Henry Watkins was recorded as a public house manager in 1891, suggesting the pub had been bought by a brewery that had installed him as custodian. George Stanton was of a similar status, having taken over the Bridge Inn after operating a fish shop in Cradley Heath High Street. He kept the Bridge Inn with his wife Sarah Harris whom he married in 1885 at St. John's Church in Halesowen.
By the end of the Edwardian period, Thomas and Louisa Lander were running the Bridge Inn. Thomas was from Tardebigge but Louisa hailed from West Bromwich. One assumes that Thomas kept an orderly house for he was once a policeman in Aston Manor.
Ethel Denbury was the last licensee of the Bridge Inn. The licence was terminated on June 25th 1959, though was not expire until December 31st in the same year.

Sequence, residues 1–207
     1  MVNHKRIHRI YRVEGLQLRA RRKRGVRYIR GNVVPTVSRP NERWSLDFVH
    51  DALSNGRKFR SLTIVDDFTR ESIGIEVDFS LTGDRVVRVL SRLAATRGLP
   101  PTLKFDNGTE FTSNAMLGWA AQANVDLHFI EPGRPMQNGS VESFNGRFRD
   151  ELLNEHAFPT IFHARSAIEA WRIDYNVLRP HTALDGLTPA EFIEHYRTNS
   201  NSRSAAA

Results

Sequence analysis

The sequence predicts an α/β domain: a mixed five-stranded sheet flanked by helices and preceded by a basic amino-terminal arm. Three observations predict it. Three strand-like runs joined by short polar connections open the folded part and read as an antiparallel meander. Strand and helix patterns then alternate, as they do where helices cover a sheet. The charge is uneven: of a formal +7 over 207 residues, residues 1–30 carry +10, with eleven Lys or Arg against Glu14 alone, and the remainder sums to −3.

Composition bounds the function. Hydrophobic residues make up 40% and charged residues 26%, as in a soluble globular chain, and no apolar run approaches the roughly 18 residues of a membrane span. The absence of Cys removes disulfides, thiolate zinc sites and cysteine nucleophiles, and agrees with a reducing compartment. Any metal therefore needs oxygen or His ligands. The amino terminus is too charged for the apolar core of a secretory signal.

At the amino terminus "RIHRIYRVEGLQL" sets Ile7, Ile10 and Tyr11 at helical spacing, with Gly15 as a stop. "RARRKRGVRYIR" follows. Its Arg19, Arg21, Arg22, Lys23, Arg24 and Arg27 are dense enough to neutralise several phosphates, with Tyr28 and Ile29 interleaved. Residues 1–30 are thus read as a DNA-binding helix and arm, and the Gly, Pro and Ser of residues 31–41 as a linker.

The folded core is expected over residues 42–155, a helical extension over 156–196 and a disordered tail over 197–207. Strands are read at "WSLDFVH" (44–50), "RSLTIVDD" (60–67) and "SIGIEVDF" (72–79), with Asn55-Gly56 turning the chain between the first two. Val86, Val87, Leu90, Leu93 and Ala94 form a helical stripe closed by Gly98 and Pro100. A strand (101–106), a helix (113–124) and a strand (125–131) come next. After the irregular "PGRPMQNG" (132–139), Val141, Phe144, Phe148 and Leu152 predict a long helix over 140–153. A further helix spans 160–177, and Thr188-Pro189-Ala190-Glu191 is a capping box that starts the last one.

The photograph above shows the former Bridge Inn and neighbouring properties as I remember them in the late 1960's. The old building is still discernible but the frontage was changed to accommodate some retail outlets. The corner shop was one of my favourites as it sold toys and models. I still have a chess set that my sister bought from here as a present for my 11th birthday!
The other shop established in part of the former Bridge Inn [to the right of the toy shop] was a hairdressing salon called "Francis." As a small boy I could see the women having those big hairdryers stuck on top of their head. It was all a bit curious to me - like a boy would understand anything about women's things, especially in those days. Actually, women are still a mystery to me and I listen to "Woman's Hour" on R4 most days! Anyway, "Francis" had the classic smell of dye or burning hair, perhaps it was even burning flesh Does anyone know who "Francis" was? Did you have a hair-do in here?